The Flick by Itsazoo Productions at Blue Bridge’s Roxy Theatre March 18-30, 2014. A review.
Sam (Chris Cochrane), Avery (Jesse Reid) and Rose (Kate Richard) work at a single screen movie house that is on the skids. Their lives are filled with the tedium of chit-chat, repeated work routines and infrequent personal revelations—they are going through the motions at a time when life should be filled with hope, promise and endless possibilities.
It’s a tale built on small disclosures and nuances, one that rewards theatre-goers for their attention. Director Chelsea Haberlin has tightened the action and pacing from the original New York run while maintaining the naturalistic sense of the storyline.
Sound design (Chris Adams) is filled with reverential nods to great cinema and pop-culture classics and lighting design (Simon Farrow) faithfully produces the flicker and glow of the darkened movie house, alternating with harsh bursts when the lights go up.
The set (Kyle Sutherland) dominates the stage with a faithful re-creation of a movie theatre, thus adding an important layer of hyper-realism to the pathos of The Flick—the fact that the Roxy Theatre is playing itself—the action onstage a perfect mirror of the reality of this movie theatre-turned-performance-venue. Even with the realization this future was inevitable, and is indeed being played out in small theatres across North America, the audience is nonetheless left with twinges of guilt.
The premise of young lives on-the-cusp is faintly reminiscent of movies like Clerks —Baker’s rendition is, despite comedic moments, much starker and grittier in its depiction of lives going nowhere.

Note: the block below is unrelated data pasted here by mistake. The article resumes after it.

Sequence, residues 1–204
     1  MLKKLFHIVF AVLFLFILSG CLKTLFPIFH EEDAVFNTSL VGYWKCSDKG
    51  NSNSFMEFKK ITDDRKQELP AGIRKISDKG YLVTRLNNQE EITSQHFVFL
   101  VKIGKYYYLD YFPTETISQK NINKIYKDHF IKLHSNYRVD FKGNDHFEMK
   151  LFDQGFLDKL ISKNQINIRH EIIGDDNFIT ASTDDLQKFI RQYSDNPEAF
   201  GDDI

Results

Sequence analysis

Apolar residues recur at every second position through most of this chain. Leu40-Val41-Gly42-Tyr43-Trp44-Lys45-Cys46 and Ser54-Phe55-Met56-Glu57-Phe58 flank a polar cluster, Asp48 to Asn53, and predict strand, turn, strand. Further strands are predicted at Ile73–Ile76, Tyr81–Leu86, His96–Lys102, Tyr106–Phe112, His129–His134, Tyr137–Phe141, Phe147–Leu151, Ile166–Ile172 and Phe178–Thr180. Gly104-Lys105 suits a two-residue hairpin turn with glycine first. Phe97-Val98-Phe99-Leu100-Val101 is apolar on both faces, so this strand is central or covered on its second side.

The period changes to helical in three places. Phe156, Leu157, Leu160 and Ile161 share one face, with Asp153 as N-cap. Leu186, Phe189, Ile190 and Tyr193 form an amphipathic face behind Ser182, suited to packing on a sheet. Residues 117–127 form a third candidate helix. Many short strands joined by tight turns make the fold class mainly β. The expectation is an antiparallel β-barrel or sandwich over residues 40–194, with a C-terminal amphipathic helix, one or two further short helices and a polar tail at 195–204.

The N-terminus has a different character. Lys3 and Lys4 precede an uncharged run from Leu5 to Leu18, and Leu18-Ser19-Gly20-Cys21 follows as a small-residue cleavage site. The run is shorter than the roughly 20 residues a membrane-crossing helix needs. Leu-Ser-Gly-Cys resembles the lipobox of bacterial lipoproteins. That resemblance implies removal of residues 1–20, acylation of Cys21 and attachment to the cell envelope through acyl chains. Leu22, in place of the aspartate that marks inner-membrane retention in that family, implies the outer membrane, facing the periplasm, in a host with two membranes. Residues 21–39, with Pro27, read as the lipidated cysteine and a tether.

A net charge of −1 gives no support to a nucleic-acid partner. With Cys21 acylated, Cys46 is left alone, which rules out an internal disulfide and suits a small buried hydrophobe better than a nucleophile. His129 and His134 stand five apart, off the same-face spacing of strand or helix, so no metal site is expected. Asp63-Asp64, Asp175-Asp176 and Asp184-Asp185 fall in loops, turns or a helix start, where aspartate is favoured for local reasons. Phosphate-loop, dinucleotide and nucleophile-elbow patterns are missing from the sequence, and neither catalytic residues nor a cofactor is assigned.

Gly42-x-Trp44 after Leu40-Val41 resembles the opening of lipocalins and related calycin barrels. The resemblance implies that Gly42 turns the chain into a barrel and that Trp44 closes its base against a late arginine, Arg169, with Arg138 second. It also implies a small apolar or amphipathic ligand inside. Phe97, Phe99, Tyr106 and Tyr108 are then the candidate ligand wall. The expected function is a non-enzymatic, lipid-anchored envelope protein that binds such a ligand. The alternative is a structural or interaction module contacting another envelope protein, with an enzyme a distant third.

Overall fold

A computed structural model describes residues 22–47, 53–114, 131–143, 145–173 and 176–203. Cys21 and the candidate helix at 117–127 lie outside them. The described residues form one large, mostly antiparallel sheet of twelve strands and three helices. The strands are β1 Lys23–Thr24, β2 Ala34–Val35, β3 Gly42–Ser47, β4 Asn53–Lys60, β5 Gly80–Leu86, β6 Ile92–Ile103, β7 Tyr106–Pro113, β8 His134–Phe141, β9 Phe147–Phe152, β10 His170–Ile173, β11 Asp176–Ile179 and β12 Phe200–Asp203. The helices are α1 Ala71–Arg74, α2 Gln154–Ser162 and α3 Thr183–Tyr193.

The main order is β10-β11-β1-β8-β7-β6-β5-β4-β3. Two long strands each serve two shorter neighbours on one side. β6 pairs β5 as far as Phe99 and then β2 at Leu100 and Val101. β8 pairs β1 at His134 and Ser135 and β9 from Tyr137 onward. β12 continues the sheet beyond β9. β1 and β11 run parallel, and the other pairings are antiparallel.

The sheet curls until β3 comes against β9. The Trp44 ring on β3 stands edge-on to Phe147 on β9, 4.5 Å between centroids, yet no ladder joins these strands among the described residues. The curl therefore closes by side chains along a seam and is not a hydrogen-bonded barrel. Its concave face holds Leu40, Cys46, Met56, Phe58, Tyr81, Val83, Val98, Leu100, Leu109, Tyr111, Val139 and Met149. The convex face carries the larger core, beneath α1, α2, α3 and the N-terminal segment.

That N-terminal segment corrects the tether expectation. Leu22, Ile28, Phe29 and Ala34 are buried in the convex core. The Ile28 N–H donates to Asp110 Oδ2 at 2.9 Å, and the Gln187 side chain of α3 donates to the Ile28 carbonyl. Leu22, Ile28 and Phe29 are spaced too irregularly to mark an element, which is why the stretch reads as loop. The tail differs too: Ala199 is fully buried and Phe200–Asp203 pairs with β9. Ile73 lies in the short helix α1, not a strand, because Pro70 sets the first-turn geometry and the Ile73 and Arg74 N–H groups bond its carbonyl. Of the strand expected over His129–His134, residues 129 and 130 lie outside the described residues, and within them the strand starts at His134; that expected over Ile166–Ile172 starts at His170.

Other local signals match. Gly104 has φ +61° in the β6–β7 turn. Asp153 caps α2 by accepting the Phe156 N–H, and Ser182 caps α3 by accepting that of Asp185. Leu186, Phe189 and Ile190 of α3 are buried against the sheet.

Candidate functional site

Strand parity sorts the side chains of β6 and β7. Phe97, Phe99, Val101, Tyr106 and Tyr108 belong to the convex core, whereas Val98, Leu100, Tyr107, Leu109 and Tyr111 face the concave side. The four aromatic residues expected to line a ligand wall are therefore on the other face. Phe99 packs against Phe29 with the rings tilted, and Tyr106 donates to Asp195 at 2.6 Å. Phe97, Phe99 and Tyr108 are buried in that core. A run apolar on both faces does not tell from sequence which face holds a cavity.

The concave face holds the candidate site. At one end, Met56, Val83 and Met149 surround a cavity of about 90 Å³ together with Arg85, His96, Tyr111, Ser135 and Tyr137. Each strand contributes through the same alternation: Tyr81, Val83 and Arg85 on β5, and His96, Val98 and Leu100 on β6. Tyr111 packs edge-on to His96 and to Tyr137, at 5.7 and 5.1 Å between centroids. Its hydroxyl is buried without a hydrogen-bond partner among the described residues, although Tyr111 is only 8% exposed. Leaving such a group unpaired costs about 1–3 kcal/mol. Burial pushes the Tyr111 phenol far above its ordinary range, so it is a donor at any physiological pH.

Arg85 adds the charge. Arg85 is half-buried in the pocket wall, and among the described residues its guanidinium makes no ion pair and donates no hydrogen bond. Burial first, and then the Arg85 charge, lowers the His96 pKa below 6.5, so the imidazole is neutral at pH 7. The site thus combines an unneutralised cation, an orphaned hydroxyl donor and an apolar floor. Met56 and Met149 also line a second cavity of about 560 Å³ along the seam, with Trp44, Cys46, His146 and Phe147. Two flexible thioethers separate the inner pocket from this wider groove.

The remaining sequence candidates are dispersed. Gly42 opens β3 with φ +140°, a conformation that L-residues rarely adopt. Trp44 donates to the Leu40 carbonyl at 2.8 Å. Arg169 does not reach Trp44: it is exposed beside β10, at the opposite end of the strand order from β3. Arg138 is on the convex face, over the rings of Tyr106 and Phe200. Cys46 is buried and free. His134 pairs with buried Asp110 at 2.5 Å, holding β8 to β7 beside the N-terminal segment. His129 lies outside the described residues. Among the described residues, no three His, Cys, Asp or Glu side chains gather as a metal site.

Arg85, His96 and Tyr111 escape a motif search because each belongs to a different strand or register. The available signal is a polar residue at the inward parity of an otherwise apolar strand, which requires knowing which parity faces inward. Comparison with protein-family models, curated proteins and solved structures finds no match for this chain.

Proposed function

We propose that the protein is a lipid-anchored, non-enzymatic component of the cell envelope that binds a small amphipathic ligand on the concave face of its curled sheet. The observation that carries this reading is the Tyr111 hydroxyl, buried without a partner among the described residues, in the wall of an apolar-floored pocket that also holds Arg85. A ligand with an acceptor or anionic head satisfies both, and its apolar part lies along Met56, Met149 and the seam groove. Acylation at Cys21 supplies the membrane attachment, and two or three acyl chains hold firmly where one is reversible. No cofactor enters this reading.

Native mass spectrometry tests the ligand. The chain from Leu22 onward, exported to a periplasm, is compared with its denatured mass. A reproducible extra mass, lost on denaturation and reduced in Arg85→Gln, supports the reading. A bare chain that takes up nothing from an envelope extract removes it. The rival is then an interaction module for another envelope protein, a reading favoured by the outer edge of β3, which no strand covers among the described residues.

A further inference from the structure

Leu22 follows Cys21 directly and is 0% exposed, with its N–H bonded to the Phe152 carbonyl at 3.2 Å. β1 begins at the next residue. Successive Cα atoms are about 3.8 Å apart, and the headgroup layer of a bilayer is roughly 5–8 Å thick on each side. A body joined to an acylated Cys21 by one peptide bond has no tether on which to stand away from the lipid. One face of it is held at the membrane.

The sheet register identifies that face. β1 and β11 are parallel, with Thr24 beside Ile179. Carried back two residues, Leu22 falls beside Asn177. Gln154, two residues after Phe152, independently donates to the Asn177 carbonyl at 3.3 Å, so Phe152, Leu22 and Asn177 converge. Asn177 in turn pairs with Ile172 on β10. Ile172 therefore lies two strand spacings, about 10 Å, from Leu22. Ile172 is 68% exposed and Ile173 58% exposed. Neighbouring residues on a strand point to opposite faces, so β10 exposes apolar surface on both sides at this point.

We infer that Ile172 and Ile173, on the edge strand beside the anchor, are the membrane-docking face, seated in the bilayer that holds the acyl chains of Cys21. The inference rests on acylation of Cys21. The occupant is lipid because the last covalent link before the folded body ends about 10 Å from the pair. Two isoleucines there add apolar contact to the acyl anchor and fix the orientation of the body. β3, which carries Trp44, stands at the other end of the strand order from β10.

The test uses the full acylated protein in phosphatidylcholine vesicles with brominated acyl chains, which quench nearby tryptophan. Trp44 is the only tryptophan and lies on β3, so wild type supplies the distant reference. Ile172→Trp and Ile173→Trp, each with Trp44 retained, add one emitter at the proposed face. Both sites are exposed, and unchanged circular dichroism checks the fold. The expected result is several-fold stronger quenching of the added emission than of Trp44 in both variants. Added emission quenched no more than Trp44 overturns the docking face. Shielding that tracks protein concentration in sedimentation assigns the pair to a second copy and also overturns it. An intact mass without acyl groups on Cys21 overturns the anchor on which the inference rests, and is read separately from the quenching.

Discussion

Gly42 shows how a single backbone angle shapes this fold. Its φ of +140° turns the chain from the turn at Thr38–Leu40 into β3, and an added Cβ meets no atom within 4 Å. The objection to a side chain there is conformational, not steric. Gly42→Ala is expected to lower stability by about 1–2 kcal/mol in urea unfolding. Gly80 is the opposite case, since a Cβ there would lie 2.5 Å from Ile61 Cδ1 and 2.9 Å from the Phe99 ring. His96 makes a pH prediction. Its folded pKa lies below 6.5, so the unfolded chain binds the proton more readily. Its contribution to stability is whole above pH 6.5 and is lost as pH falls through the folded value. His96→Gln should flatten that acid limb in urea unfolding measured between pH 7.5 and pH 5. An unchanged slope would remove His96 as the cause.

Plagued by hesitancy, beset by private demons and doubt, trying to connect, and yet not knowing how to begin, Sam, Avery and Rose live their own private version of hell, day in and day out.
With poignant realism Sam, the veteran employee (Chris Cochrane) and Avery “the new guy” (Jesse Reid) sweep the popcorn-laden floor and try to find common ground—playing a version of “Six Degrees of Kevin Bacon” which Avery, with his encyclopaedic knowledge, excels at.
Rose (Kate Richard) is the queen of all she surveys—removed in the projection booth far above it all. In one of the most awkward moments, she attempts to seduce Avery as they stay after work to watch a movie. Rose remains tight with her confidences, yet provides one of the most revelatory outbursts of the evening in a bravura performance by Richard.
Skylar (Rod Peter Jr) makes a brief appearance as the new “new guy”, and the cycle continues.
Congratulations to Itsazoo Productions on undertaking the challenge of bringing this generation’s cry to the stage, and giving life to this small universe with all its quirks.
Your heart goes out to the protagonists with a fervent wish life would get better, and the awful realization that it might not.
The Flick by Annie Baker
Itsazoo Productions at BlueBridge’s Roxy Theatre
March 18-30, 2014
Tickets $26.25-$42 through Ticket Rocket online, in person or by phone 250 590 6291
Ample free parking in QuadraVillage. Valet service available.
Cast and Creative Team
Sam Chris Cochrane
Avery Jesse Reid
Rose Kate Richard
Skylar Rod Peter Jr
Director Chelsea Haberlin
Stage Manager Shelby Bushell
Assistant Stage Manager Drew May
Set Design Kyle Sutherland
Lighting Design Simon Farrow
Costume Design Meredith Grantier
Sound Design Chris Adams
Disclaimer: I received complimentary tickets to attend The Flick, for the purpose of writing a review. As always, I retain full editorial control over the content published on my site.